by Sandra Landry, historical/time-travel (2004)
Berkley, $5.99, ISBN 0-425-19458-2
Sandra Landry has a very compelling writing style that draws me into her story. The Wishing Chalice is a very familiar time-travel story - our heroine travels into the body of a woman that hated her husband, only now our heroine is attracted to him so it's merry confusion for everybody - right down to the minute details of the story, sometimes I wonder whether Ms Landry is a following some formula guidebook a little too closely in this story. However, I find myself reading nonetheless because I find the author's voice too interesting to put down, if I'm making any sense here.
Isabel Herbert is so blue. Her parents are dead, her marriage has disintegrated, and she miscarried her child. While wandering around the lovely cottage in the English countryside that every depressed heroine always seem to have one tucked away somehow, she finds an old chalice that sends her back in time to inhabit Lady Detra's body. Detra's husband, Hunter, is a self-made knight - his mother was widely-believed to be a witch, he was an illegitimate child, et cetera. Detra doesn't like Hunter's less-than-blue pedigree, but Isabel does. Poor Hunter wonders why the wife whom he loves dearly is now looking at him with desire instead of disdain while speaking funny in the midst of a bout of amnesia. Isabel's enjoyment of a modern-plumbing free existence is interrupted when Hunter learns of Secret and Deep Betrayal and she is caught right in the middle of the mess Detra created. Oh no.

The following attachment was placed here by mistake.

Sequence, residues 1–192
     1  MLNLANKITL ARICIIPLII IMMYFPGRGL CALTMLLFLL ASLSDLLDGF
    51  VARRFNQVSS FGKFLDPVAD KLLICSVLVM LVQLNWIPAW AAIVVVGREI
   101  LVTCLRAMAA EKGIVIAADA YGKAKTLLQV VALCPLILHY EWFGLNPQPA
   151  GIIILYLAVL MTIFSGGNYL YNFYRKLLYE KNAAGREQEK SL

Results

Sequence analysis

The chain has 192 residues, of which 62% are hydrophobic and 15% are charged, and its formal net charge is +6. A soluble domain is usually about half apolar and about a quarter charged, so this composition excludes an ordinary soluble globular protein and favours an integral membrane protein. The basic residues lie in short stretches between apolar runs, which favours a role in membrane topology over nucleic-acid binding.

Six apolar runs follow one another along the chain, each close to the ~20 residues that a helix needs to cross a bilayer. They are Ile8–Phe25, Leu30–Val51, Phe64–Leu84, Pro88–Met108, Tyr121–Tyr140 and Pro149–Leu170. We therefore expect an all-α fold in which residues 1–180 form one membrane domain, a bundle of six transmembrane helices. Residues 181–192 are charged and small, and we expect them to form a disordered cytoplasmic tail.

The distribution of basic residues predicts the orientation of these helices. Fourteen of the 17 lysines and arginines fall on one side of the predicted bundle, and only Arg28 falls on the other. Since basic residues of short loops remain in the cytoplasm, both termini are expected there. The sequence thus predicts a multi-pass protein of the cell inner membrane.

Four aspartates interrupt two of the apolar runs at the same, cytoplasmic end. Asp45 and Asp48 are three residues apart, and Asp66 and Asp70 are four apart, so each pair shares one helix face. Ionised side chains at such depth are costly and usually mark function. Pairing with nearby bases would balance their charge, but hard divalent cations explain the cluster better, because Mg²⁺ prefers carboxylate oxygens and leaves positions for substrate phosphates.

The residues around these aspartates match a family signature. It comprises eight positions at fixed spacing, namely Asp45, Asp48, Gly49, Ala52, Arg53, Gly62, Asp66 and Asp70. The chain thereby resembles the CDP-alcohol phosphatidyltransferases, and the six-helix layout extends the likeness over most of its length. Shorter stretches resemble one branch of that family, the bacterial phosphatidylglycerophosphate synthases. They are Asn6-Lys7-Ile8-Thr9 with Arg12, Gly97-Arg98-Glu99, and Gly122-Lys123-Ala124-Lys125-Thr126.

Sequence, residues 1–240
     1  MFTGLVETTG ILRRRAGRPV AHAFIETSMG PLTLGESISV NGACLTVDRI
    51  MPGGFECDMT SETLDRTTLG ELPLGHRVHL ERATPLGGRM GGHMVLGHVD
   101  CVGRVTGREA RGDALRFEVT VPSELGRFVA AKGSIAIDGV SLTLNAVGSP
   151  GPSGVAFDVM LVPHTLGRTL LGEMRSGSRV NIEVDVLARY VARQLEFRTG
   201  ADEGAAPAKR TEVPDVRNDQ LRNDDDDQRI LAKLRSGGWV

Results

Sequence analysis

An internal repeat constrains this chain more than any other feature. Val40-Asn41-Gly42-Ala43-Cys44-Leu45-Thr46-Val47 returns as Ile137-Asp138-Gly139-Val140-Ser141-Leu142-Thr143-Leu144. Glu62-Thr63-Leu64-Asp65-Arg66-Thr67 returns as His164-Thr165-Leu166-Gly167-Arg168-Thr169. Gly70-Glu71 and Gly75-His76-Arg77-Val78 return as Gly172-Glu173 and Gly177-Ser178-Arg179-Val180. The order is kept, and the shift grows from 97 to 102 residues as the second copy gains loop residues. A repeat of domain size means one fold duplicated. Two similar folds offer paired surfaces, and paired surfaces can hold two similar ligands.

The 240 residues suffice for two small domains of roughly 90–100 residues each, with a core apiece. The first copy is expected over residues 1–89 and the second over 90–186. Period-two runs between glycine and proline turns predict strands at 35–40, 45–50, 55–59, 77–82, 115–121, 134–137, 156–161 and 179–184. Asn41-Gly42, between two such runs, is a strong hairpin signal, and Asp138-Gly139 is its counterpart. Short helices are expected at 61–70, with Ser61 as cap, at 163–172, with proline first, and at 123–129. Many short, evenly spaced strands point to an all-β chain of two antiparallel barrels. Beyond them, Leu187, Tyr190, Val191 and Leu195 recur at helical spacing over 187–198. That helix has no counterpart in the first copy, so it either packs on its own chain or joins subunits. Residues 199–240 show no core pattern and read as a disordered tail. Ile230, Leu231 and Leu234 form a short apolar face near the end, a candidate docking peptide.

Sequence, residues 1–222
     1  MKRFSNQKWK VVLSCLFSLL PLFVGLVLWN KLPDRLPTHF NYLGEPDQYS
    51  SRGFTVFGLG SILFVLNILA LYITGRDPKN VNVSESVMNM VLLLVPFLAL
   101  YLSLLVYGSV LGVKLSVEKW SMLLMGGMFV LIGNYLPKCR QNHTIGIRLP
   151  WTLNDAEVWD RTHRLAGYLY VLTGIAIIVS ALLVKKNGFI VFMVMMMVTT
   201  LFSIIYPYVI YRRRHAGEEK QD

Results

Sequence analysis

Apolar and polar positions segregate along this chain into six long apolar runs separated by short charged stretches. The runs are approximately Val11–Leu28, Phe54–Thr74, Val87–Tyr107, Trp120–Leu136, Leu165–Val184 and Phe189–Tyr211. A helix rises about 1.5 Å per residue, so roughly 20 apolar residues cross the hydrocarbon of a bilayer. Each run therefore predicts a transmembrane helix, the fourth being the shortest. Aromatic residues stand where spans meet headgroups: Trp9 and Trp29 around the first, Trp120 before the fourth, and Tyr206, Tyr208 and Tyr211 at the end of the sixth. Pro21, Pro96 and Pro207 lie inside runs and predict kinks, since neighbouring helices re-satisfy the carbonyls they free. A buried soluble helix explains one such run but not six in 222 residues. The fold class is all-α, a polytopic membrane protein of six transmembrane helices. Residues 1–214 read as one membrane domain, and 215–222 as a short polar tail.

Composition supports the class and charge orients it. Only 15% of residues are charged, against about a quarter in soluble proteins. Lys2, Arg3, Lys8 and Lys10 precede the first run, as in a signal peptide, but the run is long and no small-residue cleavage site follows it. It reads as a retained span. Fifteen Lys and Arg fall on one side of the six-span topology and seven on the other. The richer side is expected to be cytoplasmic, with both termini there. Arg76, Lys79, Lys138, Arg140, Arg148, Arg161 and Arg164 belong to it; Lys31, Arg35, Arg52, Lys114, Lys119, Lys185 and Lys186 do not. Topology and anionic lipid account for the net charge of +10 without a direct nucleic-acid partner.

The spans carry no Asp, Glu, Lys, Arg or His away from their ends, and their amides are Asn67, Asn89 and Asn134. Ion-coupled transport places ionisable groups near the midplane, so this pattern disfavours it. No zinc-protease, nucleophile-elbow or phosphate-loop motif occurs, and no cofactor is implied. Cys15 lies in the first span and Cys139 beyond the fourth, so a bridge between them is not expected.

Hunter is quite a charming hero, maybe too good to be true, but the biggest inconsistency in his character - his persistent loving of Detra despite she treating him like dirt - prevents him from becoming a full-fledged character, instead he's merely a well-written contrivance. Isabel is a better character - she starts off like one of those typical heroines besieged by troubles but she soon comes to her own. A plus is that Isabel isn't too stupid like many other idiot heroines out there.
The Wishing Chalice is not exactly a stand-out read, but at the same time, it is one that I find enjoyable.
By the way, is it just me or the cover model looks a little like Amber Benson who played Tara on Buffy?
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